Risks of Sedation Dentistry
Although the risk of using sedation is low, mild side effects can occur. Some patients may experience nausea, drowsiness or lightheadedness. IV sedation is not recommended for patients who are claustrophobic, have a blocked nasal passage, are obese or have obstructive sleep apnea. Because of potential side effects and the length of sedation, you may need someone to drive you home once your procedure is complete.
It is important to discuss the individual risks of sedation dentistry with your doctor, who can help you decide if you can benefit from this technique.
Sedation Dentistry F.A.Q.
Q. How do patients benefit from having access to sedation dentistry?
A. Sedation dentistry access can be beneficial for almost any patient, but especially those who suffer from dental phobia, and in many instances, those who may require extensive repair. Often for these patients, sedation gives them the feeling that their dental procedure lasted only a few minutes, when in fact it might have taken hours to perform. Therefore, complex dental procedures such as implant placement, wisdom tooth removal, bone grafts, or extensive rebuilding procedures that normally require multiple visits can often be performed in fewer appointments.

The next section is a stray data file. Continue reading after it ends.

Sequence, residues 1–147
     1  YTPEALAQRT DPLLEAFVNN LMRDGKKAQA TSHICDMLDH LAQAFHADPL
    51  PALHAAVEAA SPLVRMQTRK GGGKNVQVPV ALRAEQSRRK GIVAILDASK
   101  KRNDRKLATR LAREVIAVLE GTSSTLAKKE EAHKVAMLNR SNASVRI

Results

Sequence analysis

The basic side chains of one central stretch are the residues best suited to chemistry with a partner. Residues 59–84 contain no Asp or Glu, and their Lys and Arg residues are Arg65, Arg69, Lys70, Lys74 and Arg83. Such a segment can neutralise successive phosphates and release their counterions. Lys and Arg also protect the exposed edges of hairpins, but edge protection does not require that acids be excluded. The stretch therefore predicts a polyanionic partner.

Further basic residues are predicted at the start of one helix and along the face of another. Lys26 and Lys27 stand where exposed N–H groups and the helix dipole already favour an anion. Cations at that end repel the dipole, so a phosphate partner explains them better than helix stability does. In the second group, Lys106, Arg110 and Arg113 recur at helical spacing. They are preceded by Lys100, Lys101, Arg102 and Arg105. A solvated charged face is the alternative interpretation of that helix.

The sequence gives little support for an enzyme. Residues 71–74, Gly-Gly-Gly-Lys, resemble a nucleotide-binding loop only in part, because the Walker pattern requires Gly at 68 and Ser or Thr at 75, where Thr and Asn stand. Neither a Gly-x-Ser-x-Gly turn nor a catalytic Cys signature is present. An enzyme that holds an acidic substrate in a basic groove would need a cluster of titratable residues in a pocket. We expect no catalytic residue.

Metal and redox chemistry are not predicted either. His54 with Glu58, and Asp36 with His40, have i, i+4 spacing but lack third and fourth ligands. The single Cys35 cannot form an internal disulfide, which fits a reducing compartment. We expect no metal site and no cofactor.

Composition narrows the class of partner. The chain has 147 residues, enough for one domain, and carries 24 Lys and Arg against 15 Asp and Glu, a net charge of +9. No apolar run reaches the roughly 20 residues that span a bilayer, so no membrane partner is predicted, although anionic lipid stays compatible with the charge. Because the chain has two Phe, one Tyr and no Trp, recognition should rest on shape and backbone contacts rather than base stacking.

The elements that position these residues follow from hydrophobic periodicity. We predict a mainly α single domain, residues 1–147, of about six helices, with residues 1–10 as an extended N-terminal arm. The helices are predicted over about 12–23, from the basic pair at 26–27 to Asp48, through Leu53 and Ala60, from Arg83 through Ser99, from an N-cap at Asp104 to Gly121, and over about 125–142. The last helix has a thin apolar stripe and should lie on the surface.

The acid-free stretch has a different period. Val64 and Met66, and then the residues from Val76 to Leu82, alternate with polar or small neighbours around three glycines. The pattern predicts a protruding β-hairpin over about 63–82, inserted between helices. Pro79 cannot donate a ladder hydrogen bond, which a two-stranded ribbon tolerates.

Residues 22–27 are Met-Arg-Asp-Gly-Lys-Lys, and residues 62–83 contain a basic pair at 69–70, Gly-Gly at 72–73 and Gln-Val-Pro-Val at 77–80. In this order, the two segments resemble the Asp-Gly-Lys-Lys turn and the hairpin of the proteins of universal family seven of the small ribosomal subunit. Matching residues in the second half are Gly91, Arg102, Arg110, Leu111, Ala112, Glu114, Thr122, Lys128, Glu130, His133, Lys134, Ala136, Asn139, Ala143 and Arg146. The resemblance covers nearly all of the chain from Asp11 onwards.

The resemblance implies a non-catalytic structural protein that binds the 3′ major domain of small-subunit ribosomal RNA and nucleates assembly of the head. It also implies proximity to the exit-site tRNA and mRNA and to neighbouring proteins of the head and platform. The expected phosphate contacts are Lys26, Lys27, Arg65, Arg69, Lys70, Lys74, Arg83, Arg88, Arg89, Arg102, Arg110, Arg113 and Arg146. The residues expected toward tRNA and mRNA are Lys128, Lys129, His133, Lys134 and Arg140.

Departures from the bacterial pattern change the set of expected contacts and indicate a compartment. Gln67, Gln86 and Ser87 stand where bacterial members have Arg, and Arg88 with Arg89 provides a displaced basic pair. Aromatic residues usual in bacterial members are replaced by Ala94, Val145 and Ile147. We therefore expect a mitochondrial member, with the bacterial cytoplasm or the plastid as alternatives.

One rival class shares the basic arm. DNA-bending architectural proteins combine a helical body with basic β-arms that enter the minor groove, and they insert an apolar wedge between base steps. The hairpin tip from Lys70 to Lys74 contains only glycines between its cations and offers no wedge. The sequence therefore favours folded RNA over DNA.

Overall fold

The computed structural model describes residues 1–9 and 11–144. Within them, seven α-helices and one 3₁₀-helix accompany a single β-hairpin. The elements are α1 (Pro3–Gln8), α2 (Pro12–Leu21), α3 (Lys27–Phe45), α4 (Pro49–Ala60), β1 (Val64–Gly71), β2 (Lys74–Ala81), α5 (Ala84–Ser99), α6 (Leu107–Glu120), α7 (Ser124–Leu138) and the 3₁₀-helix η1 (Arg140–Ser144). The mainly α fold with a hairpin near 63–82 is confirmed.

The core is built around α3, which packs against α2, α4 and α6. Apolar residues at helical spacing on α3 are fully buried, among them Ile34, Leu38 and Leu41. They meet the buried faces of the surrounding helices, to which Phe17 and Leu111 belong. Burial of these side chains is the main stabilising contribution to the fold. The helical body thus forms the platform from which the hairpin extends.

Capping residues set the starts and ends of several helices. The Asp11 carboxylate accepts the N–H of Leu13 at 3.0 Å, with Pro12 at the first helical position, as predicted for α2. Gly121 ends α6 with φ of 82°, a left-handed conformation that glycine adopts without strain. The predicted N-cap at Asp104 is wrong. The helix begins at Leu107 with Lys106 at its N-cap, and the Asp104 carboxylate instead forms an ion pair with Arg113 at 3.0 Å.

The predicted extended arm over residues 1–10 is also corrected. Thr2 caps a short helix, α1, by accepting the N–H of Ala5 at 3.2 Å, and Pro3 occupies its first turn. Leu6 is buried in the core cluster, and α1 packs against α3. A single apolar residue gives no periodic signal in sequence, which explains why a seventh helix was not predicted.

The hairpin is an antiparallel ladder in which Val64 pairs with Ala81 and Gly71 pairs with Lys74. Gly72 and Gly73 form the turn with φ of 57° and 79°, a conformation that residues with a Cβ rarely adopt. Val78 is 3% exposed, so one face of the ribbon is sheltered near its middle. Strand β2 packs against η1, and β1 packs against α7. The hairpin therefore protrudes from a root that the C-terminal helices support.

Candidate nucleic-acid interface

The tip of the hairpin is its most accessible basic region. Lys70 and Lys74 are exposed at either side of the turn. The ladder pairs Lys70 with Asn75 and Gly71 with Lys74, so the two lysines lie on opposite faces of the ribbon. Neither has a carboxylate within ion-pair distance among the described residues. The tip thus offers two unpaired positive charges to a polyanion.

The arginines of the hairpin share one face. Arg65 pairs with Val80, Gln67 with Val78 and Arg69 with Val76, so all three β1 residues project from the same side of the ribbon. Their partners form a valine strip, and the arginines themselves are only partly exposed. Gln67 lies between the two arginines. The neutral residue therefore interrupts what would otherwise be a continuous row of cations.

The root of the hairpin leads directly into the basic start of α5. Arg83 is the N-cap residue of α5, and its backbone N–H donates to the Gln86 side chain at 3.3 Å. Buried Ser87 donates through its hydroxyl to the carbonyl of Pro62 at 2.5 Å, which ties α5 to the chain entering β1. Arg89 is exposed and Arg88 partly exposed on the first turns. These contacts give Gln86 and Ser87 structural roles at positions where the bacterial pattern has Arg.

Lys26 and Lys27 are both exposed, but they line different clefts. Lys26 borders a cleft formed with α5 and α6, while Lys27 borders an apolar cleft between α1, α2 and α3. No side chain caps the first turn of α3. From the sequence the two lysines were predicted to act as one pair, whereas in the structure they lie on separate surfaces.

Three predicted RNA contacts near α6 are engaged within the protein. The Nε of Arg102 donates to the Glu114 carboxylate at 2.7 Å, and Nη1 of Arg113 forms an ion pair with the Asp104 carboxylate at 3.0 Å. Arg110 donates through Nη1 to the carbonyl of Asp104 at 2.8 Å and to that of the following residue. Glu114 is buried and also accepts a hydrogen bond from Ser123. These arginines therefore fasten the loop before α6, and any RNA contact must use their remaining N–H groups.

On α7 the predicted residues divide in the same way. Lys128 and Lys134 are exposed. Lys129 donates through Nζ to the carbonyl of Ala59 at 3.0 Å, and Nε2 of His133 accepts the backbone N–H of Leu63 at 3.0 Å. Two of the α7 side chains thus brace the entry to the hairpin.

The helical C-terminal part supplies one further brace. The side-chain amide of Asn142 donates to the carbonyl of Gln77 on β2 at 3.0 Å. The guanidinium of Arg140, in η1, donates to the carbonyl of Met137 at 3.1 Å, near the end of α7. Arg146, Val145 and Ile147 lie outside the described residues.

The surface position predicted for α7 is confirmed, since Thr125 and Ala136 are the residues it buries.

Q. How does implementing sedation dentistry help dentists and their teams enhance their level of care?
A. With a relaxed patient, the dentist and his team can concentrate on performing the dental procedure with more accuracy, without having to worry about patient movements, gagging, or the patient feeling discomfort during the procedure. It can also help to reduce the post-operative discomfort and healing time for patients.
Q. How do dentists become certified in sedation and how long does it take?
A. Completion of a mini-residency is necessary. Conscious sedation permit requirements vary slightly from state to state, but typically a mini-residency with a minimum of 60 hours of didactic/classroom education and direct participation in administering IV sedation to 20 to 30 clinical dental cases will cover most state requirements. Dr. Wilbanks is one of only 258 dentists certified in the state of Georgia to provide IV conscious sedation service. The differences in oral conscious sedation and IV conscious sedation are: the training requirement of 100 hours of continuing education credits; safety and the ability to regulate the amount of sedation and medication to keep the patient comfortable, which is not possible in oral sedation; the patient is monitored throughout the procedure with a vital sign monitor; and the facility has to be certified by the state.
Q. What specific types of patients benefit the most from using sedation?
A. A wide variety of patients benefit from sedation. These patients include patients with dental phobias or ones who had a previous traumatic dental experience, extremely anxious patients, patients with major dental neglect, patients who are having their wisdom teeth removed or other dental surgery, patients with mental deficiencies, strong gag reflexes, and those dealing with restless leg syndrome or other neurological issues.